When your body is cold, your skin stops heat from escaping by constricting the blood vessels and using the muscles in the hair follicle to make the hair stand up straight to form goose bumps. The goose bumps help trap a layer of warm air next to your skin.

The Skin Wins!

Athletic caucasian girl in pink helmet and knee pads learns to roller skate outdoor at hot day

When it comes to being one amazing organ, the skin wins! It covers us up and protects our inner organs, lets us feel the world around us, prevents dehydration, and acts as a barrier to keep disease and bacteria out of our bodies. The skin provides cushioning to keep us from getting hurt and temperature control for our bodies. It's the one organ that lives on the outside of the body; it is the link between the outside world and all our other body systems. Your skin works hard for you every minute of the day!

Return the favor to your skin by taking good care of it. Keep your skin clean by washing often. Be careful around sharp objects, wear protective gear when you play sports, and stay safe in the sun. Stay in the shade, drink lots of water to replenish sweat, and always use sunscreen when you're outdoors. No matter what color skin you have, the sun's UV rays can burn you or do damage that you might not even see or feel until you're older.

Fun Facts About Skin

  • Human skin is home to millions of beneficial bacteria known as skin microbiota.
  • Everyone is born with unique fingerprints. No two prints are exactly alike.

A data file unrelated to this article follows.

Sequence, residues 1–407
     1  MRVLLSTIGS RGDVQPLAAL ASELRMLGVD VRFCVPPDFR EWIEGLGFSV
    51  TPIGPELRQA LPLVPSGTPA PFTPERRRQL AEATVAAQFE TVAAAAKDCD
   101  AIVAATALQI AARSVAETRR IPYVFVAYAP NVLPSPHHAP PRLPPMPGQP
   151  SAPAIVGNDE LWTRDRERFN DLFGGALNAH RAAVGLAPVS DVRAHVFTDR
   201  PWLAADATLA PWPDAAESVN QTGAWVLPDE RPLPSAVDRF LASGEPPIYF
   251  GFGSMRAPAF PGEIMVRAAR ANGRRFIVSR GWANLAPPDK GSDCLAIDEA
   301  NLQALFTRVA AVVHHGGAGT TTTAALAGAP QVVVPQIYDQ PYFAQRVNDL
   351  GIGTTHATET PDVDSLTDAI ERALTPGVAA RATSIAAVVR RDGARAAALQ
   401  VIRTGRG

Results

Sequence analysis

• Your skin also makes Vitamin D when the sun shines on it. Vitamin D is important for the health of your bones and other parts of your body
  • Sweat is produced by the skin when you are hot, but it may also be produced when your nervous system is “overstimulated” – like when you are very anxious.
  • Birds have feathers on their skin, reptiles have scales, and all mammals have some form of hair on their skin. These “extensions” from the skin are part of the integumentary system.
  • A rhinoceros has skin that is extremely thick, up to 2 inches (5 cm) deep.
  • When you look at a polar bear you see white fur, but their skin is actually black.
  • Frogs don't drink water, but they absorb the water they need through their skin. They also absorb much of the air they need through their skin. Earthworms are also “skin-breathers” — they get all of their oxygen this way.
  • People think that snakes have slimy skin, but snakeskin is actually dry and smooth.
  • In the ocean, creatures such as barnacles often make their homes by attaching themselves to the skin of whales.
  • Some vegetables and fruits, such as potatoes and apples, are referred to as having “skin!”